The Government also appointed another committee on banking sector reforms under the Chairmanship of M. Narasimham which submitted its report in April 1998. The committee focused on bringing about structural changes so as to strengthen the foundations of the banking system to make it more stable. The major recommendations of Narasimham Committee II were-
- ‘In case of capital adequacy, strengthening the banking system through an increase in the minimum capital adequacy ratio (CRAR) from 8 percent to 10 percent by 2002, 100 percent of fixed income portfolio marked-to-market by 2001 (up from 70 percent), 5 percent market risk weight for fixed income securities and open foreign exchange positions limits (no market risks weights previously) and 100 percent commercial risks weight to Government-Guaranteed advances (previously treated as risk free)
- To bring down net NPAs below 5 percent by 2000 and to 3 percent by 2002.
Reducing the minimum stipulated holding of the Government or RBI in the equity of nationalized banks or SBI to 33 percent
- Merging financially strong institutions and giving a revival package to the weak banks
- Strengthening the operation of rural financial institutions in terms of appraisal, supervision and follow-up, loan recovery strategies and development of bank-client relationships in view of higher NPAs in public sector banks due to directed lending.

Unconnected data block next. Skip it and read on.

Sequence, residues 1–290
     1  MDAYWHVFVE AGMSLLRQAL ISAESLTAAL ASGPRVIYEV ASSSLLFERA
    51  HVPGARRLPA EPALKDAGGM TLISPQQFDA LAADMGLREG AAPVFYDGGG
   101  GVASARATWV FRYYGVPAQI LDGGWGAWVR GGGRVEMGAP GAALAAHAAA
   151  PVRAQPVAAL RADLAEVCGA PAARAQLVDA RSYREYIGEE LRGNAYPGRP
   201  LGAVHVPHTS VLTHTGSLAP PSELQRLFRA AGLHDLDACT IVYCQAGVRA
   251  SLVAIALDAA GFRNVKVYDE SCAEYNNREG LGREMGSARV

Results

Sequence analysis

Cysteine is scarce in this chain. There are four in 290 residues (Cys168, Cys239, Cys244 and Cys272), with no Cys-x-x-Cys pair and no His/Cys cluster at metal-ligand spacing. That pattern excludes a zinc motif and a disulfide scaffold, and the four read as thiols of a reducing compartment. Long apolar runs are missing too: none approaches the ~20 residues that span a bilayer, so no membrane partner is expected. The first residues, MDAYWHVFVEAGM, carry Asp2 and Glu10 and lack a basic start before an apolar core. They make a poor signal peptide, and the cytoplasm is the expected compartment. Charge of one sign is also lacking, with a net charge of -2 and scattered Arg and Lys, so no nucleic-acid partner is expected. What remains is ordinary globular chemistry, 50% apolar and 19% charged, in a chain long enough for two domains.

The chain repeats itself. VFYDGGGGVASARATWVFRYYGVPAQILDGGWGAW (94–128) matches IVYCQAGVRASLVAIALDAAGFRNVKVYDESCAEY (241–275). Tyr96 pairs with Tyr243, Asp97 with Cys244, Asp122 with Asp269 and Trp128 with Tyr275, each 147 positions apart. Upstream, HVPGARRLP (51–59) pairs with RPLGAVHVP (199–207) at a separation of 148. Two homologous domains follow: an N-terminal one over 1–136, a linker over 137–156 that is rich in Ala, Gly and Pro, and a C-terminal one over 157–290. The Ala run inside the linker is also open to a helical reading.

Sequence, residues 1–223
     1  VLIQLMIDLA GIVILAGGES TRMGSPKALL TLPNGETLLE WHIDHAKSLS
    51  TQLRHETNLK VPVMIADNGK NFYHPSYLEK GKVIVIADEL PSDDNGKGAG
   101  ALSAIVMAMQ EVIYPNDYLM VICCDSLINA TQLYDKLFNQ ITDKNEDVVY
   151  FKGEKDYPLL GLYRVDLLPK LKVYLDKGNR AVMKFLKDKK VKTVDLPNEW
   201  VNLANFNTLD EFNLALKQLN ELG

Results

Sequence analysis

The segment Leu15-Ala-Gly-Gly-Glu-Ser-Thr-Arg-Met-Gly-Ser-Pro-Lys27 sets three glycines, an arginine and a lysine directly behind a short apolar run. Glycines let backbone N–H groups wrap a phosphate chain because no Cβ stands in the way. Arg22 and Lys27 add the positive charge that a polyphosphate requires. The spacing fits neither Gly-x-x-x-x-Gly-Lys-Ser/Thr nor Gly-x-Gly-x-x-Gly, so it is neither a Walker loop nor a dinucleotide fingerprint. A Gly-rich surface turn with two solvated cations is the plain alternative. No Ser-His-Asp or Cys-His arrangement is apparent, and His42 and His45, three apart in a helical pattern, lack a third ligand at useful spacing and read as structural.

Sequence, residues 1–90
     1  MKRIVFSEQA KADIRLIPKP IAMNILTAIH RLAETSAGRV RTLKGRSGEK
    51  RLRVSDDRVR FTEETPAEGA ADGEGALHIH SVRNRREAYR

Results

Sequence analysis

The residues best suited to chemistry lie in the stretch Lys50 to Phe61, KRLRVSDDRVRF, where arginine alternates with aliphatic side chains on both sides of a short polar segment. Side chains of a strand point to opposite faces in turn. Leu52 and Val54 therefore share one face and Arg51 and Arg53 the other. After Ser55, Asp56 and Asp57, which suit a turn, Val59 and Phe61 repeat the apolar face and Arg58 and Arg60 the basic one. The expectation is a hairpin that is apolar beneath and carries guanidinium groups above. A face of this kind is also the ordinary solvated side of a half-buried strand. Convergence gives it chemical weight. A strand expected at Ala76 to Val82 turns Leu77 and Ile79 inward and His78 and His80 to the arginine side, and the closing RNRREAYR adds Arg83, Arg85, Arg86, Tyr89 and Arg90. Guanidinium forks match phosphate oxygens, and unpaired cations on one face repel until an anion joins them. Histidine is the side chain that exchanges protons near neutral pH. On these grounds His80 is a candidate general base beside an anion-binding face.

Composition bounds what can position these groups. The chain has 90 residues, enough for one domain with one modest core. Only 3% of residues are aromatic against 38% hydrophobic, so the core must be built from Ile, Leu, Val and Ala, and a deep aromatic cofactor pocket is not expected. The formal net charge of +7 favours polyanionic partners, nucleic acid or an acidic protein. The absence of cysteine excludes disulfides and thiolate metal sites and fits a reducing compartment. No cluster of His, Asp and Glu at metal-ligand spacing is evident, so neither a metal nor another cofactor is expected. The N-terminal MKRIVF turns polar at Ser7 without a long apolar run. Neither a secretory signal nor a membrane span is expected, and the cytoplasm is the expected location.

- Amendment to RBI Act and Banking Regulation Act 4
The Government focused on competition enhancing measures by way of granting operational autonomy to public sector banks, reduction of public ownership in public sector banks by allowing them to raise capital from equity market up to 49 percent of paid-up capital; setting of transparent norms for entry of Indian private sector, foreign and joint-venture banks and insurance companies, giving permission for foreign investment in the financial sector in the form of foreign direct investment (FDI) as well as portfolio investment, giving permission to banks to diversify product portfolio and business activities, to prepare aroadmap for presence of foreign banks and guidelines for mergers and amalgamation of private sector banks, public sector banks and NBFCs, and providing guidelines on ownership and governance in private sector banks.
Government focused through reform process on enhancing the role of market forces by making sharp reduction in pre-emption through reserve requirement, market determined pricing for government securities, disbanding of administered interest rates with a few exceptions and enhanced transparency and disclosure norms to facilitate market discipline; introduction of pure inter-bank call money market, auction-based repos-reverse repos for short-term liquidity management, facilitation of improved payments and settlement mechanism, and requirement of significant advancement in dematerialization and markets for securitized assets are being developed.
A provision was made for introduction and phased implementation of international best practices and norms on risk-weighted capital adequacy requirement, accounting, income recognition, provisioning and exposure, taking suitable measures to strengthen risk management through recognition of different components of risk, assignment of risk-weights to various asset classes, norms on connected lending, risk concentration, application of marked-to-market principle for investment portfolio and limits on deployment of fund in sensitive activities, and ‘Know Your Customer’ and ‘Anti Money Laundering’ guidelines, roadmap for Basel II, introduction of capital charge for market risk, higher graded.